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LHRH-Immunocytochemistry in the Nervus Terminalis of Mammals

  • Helmut A. Oelschläger
  • Hynek Burda

Abstract

Apart from the chemoreceptor systems (olfactory, vomeronasal nerves), the septum of the vertebrate nose is innervated by the paired nervus terminalis. Fiber bundles run through rostromedial foramina of the cribriform plate and pass between and beneath the olfactory bulbs to enter the CNS in the area of the lamina terminalis and on the basal surface of the prosencephalon. The nervus terminalis in adult mammals is a ganglionated fiber plexus which obviously comprises two or more subpopulations of neurons. While one of these subpopulations is characterized by the occurrence of acetylcholinesterase (AchE), the other fraction of neurons expresses luteinizing hormone-releasing hormone (LHRH) and seems to be involved in mating behavior and reproduction (Jennes and Stumpf, 1980; Schwanzel-Fukuda and Silverman, 1980; Wirsig and Leonard, 1986; Schwanzel-Fukuda and Pfaff, 1989). During prenatal ontogenesis, LHRH is first detected in neurons of the terminalis nerve; this fact has led to the supposition that the nerve even helps to organize the brain-pituitarygonadal axis (Schwanzel-Fukuda et al., 1985, 1987, 1988; Jennes, 1989). From late fetal and early postnatal stages of rodents onward, the number of LHRH-immunoreactive (-ir) cells is reduced.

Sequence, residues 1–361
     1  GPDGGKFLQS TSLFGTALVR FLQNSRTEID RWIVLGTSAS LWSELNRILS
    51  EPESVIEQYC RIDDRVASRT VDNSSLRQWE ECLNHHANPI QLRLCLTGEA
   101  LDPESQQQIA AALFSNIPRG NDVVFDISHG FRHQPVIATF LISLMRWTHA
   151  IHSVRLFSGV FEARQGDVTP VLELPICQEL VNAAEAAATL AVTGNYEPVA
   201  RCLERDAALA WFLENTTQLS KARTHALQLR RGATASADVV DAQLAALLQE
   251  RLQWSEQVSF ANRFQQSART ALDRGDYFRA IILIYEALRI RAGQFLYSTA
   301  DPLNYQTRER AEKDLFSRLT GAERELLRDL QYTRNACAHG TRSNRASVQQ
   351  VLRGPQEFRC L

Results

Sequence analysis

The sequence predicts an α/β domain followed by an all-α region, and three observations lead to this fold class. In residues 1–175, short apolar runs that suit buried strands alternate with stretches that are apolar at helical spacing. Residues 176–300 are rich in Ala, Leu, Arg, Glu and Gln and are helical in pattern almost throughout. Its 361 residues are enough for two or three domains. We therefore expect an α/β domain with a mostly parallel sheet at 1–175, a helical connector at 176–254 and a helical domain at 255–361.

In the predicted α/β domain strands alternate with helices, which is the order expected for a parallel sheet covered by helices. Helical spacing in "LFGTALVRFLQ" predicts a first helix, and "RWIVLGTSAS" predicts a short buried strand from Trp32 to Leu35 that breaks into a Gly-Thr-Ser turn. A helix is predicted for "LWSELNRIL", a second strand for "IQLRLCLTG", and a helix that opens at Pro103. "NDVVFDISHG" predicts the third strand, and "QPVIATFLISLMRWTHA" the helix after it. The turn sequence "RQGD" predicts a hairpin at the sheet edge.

Keywords

Olfactory Bulb Fiber Bundle Stria Terminalis Subfornical Organ Nervus Terminalis 
These keywords were added by machine and not by the authors. This process is experimental and the keywords may be updated as the learning algorithm improves.

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References

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Copyright information

© Springer Science+Business Media New York 1992

Authors and Affiliations

  • Helmut A. Oelschläger
    • 1
  • Hynek Burda
    • 1
  1. 1.Dept.of AnatomyJ.W.Goethe-UniversityFrankfurt am Main 70Germany

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